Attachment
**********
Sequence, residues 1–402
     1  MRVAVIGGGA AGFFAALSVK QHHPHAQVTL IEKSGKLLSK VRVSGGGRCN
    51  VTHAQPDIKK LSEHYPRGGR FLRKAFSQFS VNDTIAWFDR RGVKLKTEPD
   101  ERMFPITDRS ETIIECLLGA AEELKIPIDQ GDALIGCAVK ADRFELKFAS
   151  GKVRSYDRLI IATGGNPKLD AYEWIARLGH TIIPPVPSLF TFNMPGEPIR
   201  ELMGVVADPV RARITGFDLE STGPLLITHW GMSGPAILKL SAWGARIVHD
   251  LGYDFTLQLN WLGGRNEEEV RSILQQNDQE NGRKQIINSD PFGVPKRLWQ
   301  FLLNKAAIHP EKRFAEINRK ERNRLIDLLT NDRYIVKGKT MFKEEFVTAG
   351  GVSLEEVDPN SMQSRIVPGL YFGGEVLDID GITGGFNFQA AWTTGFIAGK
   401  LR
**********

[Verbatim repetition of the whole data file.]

Sequence, residues 1–402
     1  MRVAVIGGGA AGFFAALSVK QHHPHAQVTL IEKSGKLLSK VRVSGGGRCN
    51  VTHAQPDIKK LSEHYPRGGR FLRKAFSQFS VNDTIAWFDR RGVKLKTEPD
   101  ERMFPITDRS ETIIECLLGA AEELKIPIDQ GDALIGCAVK ADRFELKFAS
   151  GKVRSYDRLI IATGGNPKLD AYEWIARLGH TIIPPVPSLF TFNMPGEPIR
   201  ELMGVVADPV RARITGFDLE STGPLLITHW GMSGPAILKL SAWGARIVHD
   251  LGYDFTLQLN WLGGRNEEEV RSILQQNDQE NGRKQIINSD PFGVPKRLWQ
   301  FLLNKAAIHP EKRFAEINRK ERNRLIDLLT NDRYIVKGKT MFKEEFVTAG
   351  GVSLEEVDPN SMQSRIVPGL YFGGEVLDID GITGGFNFQA AWTTGFIAGK
   401  LR